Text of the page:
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Between the Vote

“Let everyone be subject to the governing authorities, for there is no authority except that which God has established.” Romans 13:1a (NIV)
 
Christians are commanded to take an active part in their government (Rom. 13:6-7). As we face a new presidency, active involvement generally translates into voting. We discuss the issues and candidates involved; where we stand and whether our perspective has changed over the years.

What if, however, voting is the easiest form of influencing how our communities are governed? We can spend our time going back and forth about which presidential candidate (or local leader) we will choose, but how do we use the time in between elections to work out our Christian imperative? And if we are using that time, are we advancing God’s kingdom or our own moral beliefs? Voting is not the first step in our civic duties—it is the last step. We do it to ensure all the work in between casting the vote is preserved and continued. 

       It is the “in-between” times of voting that has given me the most trouble in the last few years. The past eight years have revealed that our country is hurting more than ever in regards to race, justice, and gender equality. How do I, a black woman, navigate through feelings of resentment, bitterness, and a sense of superiority?

I know the feelings do not reflect God, but the hard part is letting them go in the face of the atrocities revealed on every social media outlet and rehashed in the news. I struggle to give my feelings over to God. How do we keep the perspective of the whole kingdom while doing work in the valley?

Recently, I spoke with Brittany White, a professional organizer for the "LIVE FREE" campaign and a woman who was formerly incarcerated in Alabama state for five years. Her work in the Dallas-Fort Worth communities is directed by Faith In Texas, an organization that falls under the PICO National Network. PICO is an acronym for People Improving Communities through Organizing.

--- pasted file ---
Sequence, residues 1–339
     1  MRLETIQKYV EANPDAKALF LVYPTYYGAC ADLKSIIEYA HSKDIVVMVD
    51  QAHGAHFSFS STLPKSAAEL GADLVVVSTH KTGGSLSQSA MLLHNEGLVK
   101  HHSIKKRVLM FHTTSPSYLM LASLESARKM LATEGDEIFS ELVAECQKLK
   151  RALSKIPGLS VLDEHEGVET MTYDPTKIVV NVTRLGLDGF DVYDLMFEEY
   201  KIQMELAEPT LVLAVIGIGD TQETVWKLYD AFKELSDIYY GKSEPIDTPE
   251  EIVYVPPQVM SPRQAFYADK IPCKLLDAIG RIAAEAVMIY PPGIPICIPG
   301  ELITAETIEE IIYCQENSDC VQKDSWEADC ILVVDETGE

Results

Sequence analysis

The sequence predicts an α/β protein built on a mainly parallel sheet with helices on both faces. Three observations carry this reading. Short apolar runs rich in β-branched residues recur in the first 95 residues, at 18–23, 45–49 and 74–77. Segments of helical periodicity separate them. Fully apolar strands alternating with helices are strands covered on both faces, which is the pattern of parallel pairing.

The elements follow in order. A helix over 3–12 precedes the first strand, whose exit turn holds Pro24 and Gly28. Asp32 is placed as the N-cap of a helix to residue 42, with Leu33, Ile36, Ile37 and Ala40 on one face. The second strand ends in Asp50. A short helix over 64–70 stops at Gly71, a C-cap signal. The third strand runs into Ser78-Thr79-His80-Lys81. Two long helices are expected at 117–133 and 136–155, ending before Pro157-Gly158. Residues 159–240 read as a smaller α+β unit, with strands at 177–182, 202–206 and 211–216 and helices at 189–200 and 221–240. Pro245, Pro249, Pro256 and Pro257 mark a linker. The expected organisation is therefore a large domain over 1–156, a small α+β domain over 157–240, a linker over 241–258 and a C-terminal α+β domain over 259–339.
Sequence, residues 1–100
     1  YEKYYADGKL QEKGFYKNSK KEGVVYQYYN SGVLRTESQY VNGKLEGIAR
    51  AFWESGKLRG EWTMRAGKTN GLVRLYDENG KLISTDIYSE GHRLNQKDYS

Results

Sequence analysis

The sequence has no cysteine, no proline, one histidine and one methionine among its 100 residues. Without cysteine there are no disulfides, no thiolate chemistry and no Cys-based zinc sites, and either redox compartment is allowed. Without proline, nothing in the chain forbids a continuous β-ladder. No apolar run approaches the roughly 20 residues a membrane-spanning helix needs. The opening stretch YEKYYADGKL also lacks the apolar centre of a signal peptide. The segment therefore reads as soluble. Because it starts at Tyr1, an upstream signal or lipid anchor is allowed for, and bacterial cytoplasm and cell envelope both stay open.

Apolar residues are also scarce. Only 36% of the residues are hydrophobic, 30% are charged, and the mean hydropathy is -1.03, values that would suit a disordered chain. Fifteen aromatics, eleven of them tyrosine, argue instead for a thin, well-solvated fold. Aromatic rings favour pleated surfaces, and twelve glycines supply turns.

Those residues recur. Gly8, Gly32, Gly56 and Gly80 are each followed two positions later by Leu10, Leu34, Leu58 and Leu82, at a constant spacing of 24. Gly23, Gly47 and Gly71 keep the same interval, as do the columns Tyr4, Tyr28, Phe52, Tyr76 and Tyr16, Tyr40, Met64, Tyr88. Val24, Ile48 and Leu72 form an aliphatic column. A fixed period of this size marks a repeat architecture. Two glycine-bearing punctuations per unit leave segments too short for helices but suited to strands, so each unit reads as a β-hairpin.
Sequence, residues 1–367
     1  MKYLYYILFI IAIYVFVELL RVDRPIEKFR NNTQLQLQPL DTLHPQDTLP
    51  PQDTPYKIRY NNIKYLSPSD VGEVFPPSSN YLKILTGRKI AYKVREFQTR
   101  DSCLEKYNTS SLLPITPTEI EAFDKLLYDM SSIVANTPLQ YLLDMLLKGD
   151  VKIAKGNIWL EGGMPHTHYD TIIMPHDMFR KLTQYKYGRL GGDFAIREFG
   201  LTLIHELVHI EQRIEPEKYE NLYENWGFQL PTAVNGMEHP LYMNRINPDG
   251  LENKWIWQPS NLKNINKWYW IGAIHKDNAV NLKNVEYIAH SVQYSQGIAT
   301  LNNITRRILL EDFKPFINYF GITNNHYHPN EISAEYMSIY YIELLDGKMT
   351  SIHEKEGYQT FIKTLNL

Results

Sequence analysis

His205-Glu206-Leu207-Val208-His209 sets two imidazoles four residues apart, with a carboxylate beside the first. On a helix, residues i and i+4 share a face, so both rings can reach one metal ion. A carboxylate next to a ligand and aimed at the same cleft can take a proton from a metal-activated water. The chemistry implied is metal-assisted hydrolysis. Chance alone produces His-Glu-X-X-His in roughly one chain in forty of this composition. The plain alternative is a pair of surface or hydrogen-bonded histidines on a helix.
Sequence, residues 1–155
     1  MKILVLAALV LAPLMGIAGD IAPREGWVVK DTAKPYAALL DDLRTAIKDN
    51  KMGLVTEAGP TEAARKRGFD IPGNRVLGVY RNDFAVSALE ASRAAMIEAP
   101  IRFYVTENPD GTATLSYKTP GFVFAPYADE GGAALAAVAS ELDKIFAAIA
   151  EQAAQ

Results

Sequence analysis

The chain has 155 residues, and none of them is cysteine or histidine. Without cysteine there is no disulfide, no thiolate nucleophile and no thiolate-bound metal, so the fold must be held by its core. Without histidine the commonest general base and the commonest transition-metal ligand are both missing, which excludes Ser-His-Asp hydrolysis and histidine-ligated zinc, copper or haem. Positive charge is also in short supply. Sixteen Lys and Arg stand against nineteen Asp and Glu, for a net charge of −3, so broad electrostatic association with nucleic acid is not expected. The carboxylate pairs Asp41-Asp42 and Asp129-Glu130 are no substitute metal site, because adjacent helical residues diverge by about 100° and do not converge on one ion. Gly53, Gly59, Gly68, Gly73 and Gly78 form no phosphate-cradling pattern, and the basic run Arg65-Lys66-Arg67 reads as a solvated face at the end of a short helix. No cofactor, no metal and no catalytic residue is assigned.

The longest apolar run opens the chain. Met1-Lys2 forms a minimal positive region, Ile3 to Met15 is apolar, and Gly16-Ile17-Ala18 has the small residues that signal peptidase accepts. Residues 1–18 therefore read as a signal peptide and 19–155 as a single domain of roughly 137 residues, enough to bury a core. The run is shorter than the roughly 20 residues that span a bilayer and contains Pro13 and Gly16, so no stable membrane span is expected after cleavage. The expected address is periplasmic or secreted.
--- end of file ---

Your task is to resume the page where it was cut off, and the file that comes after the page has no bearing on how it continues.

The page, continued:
Watching Ms. White work is a humbling experience because she never questions where God puts her to do His work. Noticeably, I have observed her accepting people of all races and beliefs, even the most bigoted beliefs, to have conversations that move our communities toward unity. Her time is spent organizing individuals who were formerly incarcerated, and their supporters, to help end mass incarceration. Her specific demographic is the African-American and Hispanic communities, but she believes her work crosses race and gender.

I asked Ms. White where the faith part of her work comes in and she immediately said, “My whole work is faith. There is no way I can do what I do and see what I see without faith in God. It’s too hard.”

She went on to say, “I work in communities where there is no immediate change.” To paraphrase Ms. White, until we feel the sting of true sacrifice that comes with civic engagement, we will continue to feel resentful. Ms. White said, “We have to see people like Jesus saw people. His only concern was for their soul.” 

She continued, “I never understood fear until I worked with illegal immigrants who live in fear of being deported. They are mistreated and underpaid, but can’t do anything about it.”

With her usual frankness, Ms. White finished her explanation, “You want a quote? Here it is: We [have] become too complacent as Christians because we are used to instant gratification. We like soup kitchens and mission work because we see immediate results, but we don’t have to stay there. Our faith is too comfortable.”

That pricks. My own feelings are the result of my own pride and focus on myself. My direct work in the church and my work outside the walls of the church should always reflect God. Most importantly, I need to be found working. Not just every two and four years, but always being about my father’s business.

How will you commit your time after November 8, 2016? How will you spend the time in between the votes?

Dear God, protect me against complacency in civic duty and give me the desire to sacrifice for the sake of your kingdom. In Jesus name, Amen.

Written by: Nikki Hearon
 
Don't forget to vote today!

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